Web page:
Sure. Labor of love. Been working on mine for 7 or 8 years now and I'm only just getting there. Simple answer: you rub and smoke a corned brisket (corned beef). But.... there's more to it than that.
Here's the best write up I know of. It's on Amazingribs.com and by following the links the author takes you all the way from picking and dressing the meat through to putting it on the table. I use it as my base and haven't had any leftovers yet. http://amazingribs.com/recipes/beef/close_to_katzs_home_made_pastrami.htmlEquipment:Knives
Since this is a blades forum I won't even pretend to describe the type of knives to use to dress a brisket down to a 1/8" fat cap. You guys will flame me until my keyboard fries. Smoker.
(There are some people who say they use charcoal grills but I've never tried). You're looking for something that will hold a temp around 225 to 250*F for at least 12 hours and maybe more. It's important it also be able to create smoke. IMHO this means charcoal and smokewood.
Also, I've read it's possible to smoke for only 4 hours or so and finish in the oven. I've never tried this. Curing bucket.
(For curing the brisket if you're doing a wet cure. There's a dry curing method too.) I have 2 first cuts curing right now. About 12lbs of meat dressed. They're taking just slightly over 3 gallons. Space in your refrigerator.
(You're going to cure for at least a week and then you're going to need to rest the meat after rubbing for at least 3 days. I've sometimes gone 3 months. I know it sounds weird to have uncooked meat around for so long. But remember curing was originally done as a preservation method.)Prague powder.
This is the curing agent. I use pink #1. I've only been able to find it on the web. There are non pink versions (Instacure I think) some people prefer since they don't contain red dye. I was happy to use them but a few of my relatives wanted their pastrami red. Go figure.Spices
You're going to make two preparations: First pickling spices to be used in a brine along with the curing agent. Second a finishing rub which is applied to the cured brisket - aka corned beef several days before smoking. Chief ingredients are corriander and black pepper. There are good recipes for both preparations in the Amazingribs link above.Steaming table
Before serving you're going to steam the meat up to between 200 and 205*F. I don't have a staming tray so I use an annodized roasting pan, a coated roasting rack and aluminum foil. The important thing here is you need something non reactive. The salt, water, heat, aluminum foil and say... steel can cause an electorstatic reaction between the metals you don't want.
With the equipment out of the way:Method:1. Make your brine.
This will be salt, garlic, brown sugar and the prague powder. I could write up what I'm experimenting with but honestly I can't do it better than the author in this link http://amazingribs.com/recipes/beef/home_made_corned_beef.html2. Dress your brisket.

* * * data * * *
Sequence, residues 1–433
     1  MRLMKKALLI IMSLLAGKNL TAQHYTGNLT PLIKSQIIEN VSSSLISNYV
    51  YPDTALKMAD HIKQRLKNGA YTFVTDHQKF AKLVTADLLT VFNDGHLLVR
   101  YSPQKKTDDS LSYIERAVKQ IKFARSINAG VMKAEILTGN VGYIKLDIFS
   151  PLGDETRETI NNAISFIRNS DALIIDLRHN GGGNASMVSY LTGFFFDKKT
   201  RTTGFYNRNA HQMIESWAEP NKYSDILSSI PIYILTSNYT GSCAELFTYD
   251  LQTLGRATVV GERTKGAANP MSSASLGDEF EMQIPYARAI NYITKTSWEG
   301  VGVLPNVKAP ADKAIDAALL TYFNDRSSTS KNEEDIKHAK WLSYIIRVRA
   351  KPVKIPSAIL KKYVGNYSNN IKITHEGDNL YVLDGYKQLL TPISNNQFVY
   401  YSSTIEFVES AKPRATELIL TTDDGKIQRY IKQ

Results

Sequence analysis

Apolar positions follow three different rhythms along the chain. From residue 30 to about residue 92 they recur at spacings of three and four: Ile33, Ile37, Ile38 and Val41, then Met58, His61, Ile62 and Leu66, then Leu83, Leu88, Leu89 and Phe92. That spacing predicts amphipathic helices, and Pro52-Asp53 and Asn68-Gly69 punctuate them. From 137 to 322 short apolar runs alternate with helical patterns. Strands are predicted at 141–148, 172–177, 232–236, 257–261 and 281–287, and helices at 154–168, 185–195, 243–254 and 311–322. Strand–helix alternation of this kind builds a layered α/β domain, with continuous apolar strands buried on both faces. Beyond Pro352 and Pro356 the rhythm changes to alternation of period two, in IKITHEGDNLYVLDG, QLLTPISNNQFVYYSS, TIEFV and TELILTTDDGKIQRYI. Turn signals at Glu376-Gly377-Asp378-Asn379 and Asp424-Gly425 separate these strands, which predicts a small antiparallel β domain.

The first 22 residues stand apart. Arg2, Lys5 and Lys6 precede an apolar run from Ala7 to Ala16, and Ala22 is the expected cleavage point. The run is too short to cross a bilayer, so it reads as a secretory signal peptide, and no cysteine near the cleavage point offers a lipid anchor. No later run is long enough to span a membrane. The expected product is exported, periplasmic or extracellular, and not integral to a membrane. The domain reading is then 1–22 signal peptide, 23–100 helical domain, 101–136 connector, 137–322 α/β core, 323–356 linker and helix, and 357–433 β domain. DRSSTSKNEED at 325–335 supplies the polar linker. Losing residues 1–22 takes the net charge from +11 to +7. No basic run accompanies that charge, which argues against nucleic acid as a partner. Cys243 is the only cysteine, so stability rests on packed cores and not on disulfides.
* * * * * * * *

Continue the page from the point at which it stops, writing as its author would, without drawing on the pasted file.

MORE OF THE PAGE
There's controversy here whether to leave on any fat cap. The trade off is tenderness and moisture from rendering the fat vs the potential of the cure failing to penetrate all of the meat.
I'm from the leave the fat cap on school. Anytime I'm smoking something for more than 4 hours I want the fat there to render. When I trim I shoot for 1/8" and if I'm to err I err on taking more off than less. It's true. If the cure fails to penetrate you're left with some fairly disgusting stuff but I've only had it happen to me once or twice when I was learning and I feel the finished products much better with the fat cap on.3. After the brine cools put your dressed brisket in it.
It needs at minimum of a week. Once I forgot I had it going and left one in for 2 months. Turned out fine.3. Desalt.
After curing take the brisket out. Rinse it. Soak it in as much water as will fit in your bucket for 8 hours. I do this twice. [Once this step is done by the way you have a corned beef ready for steaming if you want]4 Take your finishing rub and rub both sides.
Don't forget the sides of the brisket. It needs at least 3 days in my opinion. Once I went two weeks.5. Smoke the meat.
There are volumes written out there on the best way to smoke brisket and much blood has been spilled.
So I'm going to leave that aspect to the combatants although Meathead's write up in the link above is a pretty good guide.
The main things to know here are:
- low and slow 225*F to 250*F
- robust smoke wood and a lot of it.
- finishing temp of about 200 to 205*F.
- it will take you a really, really
long time to reach target temp if you use the wet cure method and desalt properly.
- figure about 14 hours for a 4-5 lb flat. (I'm not kidding. Even if you foil midway through the cook).6.Let the meat rest.
12 hours minimum. I usually try to go at least a day.7. Steam it slice it serve it.
Bring the meat up to 200 to 205 *F again in a steam bath. See note regarding non reactive pans and aluminum foil in equpment section above. Slice it and serve it. Classic advice is to go against the grain, which is what I do for sandwiches but I've had a lot of fun cubing it and using it all kinds of ways.
So there you have it. I'll post up some picks as I cycle through my present batch.